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Journal Article


Garcia-Espana JF, Winston FK, Durbin DR. Am. J. Public Health 2012; 102(6): 1128-1134.


Center for Injury Research and Prevention, The Children's Hospital of Philadelphia, Philadelphia, PA. Flaura K. Winston is also with the Department of Pediatrics, Leonard Davis Institute for Health Economics, and Center for Health Initiatives, University of Pennsylvania, Philadelphia. Dennis R. Durbin is also with the Department of Emergency Medicine, University of Pennsylvania.


(Copyright © 2012, American Public Health Association)






Objectives. We compared reported safety belt use, for both drivers and passengers, among teenagers with learner's permits, provisional licenses, and unrestricted licenses in states with primary or secondary enforcement of safety belt laws. Methods. Our data source was the 2006 National Young Driver Survey, which included a national representative sample of 3126 high-school drivers. We used multivariate, log-linear regression analyses to assess associations between safety belt laws and belt use. Results. Teenaged drivers were 12% less likely to wear a safety belt as drivers and 15% less likely to wear one as passengers in states with a secondary safety belt law than in states with a primary law. The apparent reduction in belt use among teenagers as they progressed from learner to unrestricted license holder occurred in only secondary enforcement states. Groups reporting particularly low use included African American drivers, rural residents, academically challenged students, and those driving pickup trucks. Conclusions. The results provided further evidence for enactment of primary enforcement provisions in safety belt laws because primary laws are associated with higher safety belt use rates and lower crash-related injuries and mortality. (Am J Public Health. Published online ahead of print April 19, 2012: e1-e7. doi:10.2105/AJPH.2011.300493).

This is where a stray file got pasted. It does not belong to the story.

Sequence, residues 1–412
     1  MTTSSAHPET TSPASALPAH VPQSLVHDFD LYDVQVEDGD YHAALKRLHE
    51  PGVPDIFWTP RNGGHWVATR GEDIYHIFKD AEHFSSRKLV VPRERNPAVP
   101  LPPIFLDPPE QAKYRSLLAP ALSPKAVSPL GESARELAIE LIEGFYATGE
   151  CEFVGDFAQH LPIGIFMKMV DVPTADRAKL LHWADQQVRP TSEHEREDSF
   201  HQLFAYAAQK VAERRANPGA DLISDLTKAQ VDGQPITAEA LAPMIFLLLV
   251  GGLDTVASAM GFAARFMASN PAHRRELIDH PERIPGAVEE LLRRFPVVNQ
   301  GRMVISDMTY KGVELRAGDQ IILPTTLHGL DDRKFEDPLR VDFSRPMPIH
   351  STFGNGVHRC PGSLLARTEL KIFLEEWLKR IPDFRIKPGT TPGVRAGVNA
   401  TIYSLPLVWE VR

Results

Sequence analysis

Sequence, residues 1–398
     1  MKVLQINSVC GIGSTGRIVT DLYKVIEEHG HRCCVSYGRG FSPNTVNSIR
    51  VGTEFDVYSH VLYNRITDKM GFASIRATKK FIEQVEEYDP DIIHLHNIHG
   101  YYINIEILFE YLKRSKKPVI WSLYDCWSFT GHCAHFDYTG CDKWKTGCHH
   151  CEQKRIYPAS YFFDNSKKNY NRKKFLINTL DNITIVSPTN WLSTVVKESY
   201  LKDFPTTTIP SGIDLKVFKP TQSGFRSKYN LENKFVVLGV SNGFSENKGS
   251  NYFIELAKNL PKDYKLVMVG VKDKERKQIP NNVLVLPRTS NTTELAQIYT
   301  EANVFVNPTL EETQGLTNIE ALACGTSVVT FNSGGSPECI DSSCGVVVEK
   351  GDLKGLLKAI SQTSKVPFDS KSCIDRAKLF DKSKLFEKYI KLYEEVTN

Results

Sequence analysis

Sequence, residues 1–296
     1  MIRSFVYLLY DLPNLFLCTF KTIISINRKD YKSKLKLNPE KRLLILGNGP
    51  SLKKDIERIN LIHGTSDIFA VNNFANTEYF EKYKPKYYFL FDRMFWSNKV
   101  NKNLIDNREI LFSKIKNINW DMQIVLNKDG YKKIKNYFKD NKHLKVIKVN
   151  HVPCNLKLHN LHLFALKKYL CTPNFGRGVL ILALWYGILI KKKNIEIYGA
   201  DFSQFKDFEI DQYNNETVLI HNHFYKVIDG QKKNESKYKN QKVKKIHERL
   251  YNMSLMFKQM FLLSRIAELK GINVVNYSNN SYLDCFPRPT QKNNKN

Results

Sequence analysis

Language: en


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